The opposite thing happens with the CD. The laser starts reading the CD at the center and moves outward. It starts at the center because this is where the surface of the CD is most flat. Manufacturing tolerances of the CD hold it flat all over its surface to a given tolerance, but as the laser moves toward the outside of the disc, the CD becomes less flat and thus more susceptible to mis-tracing due to the disc not being as flat or changing in distance from the laser due to warping. Taking advantage of the flatness toward the center, all music (or pictures, or files) start with the best tracing at the center and as the song advances, along with the tracing laser advancing, the tracing becomes more susceptible to error correction due to the un-flatness of the outer edges of the disc.

Further, unlike the steady RPM of the LP, the CD changes rotational speed as it the laser moves outward. The speed of the CD is faster when the laser is tracing at the inside of the disc, but as it advances toward to outside the CD is slowed. All this is very precisely controlled by the player mechanism. 

You may also find it of interest that the CD or DVD actually has three dedicated (so-called) tracks or pathways of information. That is, one song is actually represented by three independent pathways on the disc. Each is read and the processor, called a comparitor, looks to see if the information from each of the three readings is the same. If not (due to dust or a scratch) the comparitor will take any two sets of information and discard the third. Since these pathways are in different parts of the surface of the CD, a scratch at one point on the surface will not effect the reading of the same information from one of the other pathways since they are at different areas of the disc. So the comparitor takes any two matching sets of information (bits). If the comparitor cannot read two signals that are equal, it will makeup the missing bits by a process call extrapolation. For extrapolation, the processor looks at the bits right before and right after the missing information and assumes or creates bits that are kind of an average between the two. Thus, the missing data is added back by assumption. All this is call "error correction." There are programs which tell you the error correction rate as you play a CD. On a dirty CD, or one that has be mis-handled by its user, the error correction rate can be quite high, but you never hear it.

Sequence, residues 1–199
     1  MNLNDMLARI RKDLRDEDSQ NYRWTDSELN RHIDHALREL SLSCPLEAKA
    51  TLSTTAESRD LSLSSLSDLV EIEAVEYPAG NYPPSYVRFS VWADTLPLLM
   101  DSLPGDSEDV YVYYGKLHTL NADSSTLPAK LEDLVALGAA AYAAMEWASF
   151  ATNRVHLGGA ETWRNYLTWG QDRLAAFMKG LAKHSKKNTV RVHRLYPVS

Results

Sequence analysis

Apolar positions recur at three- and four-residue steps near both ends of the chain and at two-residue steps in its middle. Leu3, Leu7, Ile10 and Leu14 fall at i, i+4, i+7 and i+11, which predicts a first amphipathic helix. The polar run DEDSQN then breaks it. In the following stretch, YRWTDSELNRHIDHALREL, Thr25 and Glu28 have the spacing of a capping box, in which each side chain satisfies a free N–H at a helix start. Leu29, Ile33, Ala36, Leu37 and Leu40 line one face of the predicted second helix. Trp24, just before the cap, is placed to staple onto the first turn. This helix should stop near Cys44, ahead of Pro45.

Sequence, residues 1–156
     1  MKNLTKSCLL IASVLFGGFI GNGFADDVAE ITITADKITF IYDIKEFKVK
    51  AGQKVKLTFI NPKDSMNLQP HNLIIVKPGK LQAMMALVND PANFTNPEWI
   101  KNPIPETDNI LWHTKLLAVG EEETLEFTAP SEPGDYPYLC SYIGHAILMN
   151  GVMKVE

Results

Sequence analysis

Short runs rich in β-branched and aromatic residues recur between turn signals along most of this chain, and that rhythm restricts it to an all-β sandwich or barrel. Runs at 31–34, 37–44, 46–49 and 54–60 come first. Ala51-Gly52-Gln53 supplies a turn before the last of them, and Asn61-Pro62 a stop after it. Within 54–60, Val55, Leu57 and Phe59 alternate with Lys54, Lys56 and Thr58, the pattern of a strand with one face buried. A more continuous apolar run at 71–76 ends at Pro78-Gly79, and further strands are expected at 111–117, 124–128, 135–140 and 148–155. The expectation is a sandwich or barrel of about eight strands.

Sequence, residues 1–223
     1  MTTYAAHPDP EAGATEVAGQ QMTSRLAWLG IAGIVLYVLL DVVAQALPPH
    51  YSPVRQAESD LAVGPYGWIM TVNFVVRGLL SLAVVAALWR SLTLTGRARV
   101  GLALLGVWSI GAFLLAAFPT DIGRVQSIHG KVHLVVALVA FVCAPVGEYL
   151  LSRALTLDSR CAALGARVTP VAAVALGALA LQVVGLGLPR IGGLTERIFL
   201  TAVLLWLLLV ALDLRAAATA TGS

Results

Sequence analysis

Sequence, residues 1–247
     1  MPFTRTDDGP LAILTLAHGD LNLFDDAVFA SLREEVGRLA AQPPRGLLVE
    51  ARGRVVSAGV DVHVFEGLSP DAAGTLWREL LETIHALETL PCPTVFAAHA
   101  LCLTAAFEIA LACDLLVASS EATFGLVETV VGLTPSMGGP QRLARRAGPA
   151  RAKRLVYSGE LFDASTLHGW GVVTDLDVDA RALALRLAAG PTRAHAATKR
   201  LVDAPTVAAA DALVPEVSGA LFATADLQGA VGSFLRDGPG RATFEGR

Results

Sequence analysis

Error correction takes time. We humans never hear it, but it does take microseconds to be processed. Error correction requires that the tracing information first be stored so it can be compared. Back when files were being traded for free a case was brought against the file traders with the ruling of the court that no CD could be copied as it violated the copyright law. Technicians and engineers laughed at that ruling since it would mean that you could not play a CD. The court had to change the law to accommodate error correction, because for error correction to work, the CD data must be stored in the player (or recorded). 

Sometimes our law makers don't quite realize what they are doing. Like the case against Microsoft in which they ruled that information had to be erased. It took Bill Gates testifying in-front of a committee of Senators for them to be educated that their ruling did little. As Gates said, erasing in computer terms is just changing the first bit (or letter) of a given document into a bit that tells the computer to disregard the following string of data. Removing a file or document from a computer is more than erasing. It take a special program to wipe all the data from memory.  This is why computer experts can go back into a computer and retrieve date the user thinks was erased. In cases of top-secret information or child pornography being stored on a computer and then erased, actually it is still on the computer and can be retrieved by disregarding the first bit. The same for a cell phone.  This is how hackers can look back into files and get information, like passcodes or your social security number from files you thought were erased.  So be careful.

 
~swd

Pages: 1 2 3 4 5 [6] 7 8 9 10
gfx
Powered by SMF 1.1.21 | SMF © 2015, Simple Machines Page created in 0.082 seconds with 18 queries.
Helios Multi design by Bloc
gfx
Powered by MySQL Powered by PHP Valid XHTML 1.0! Valid CSS!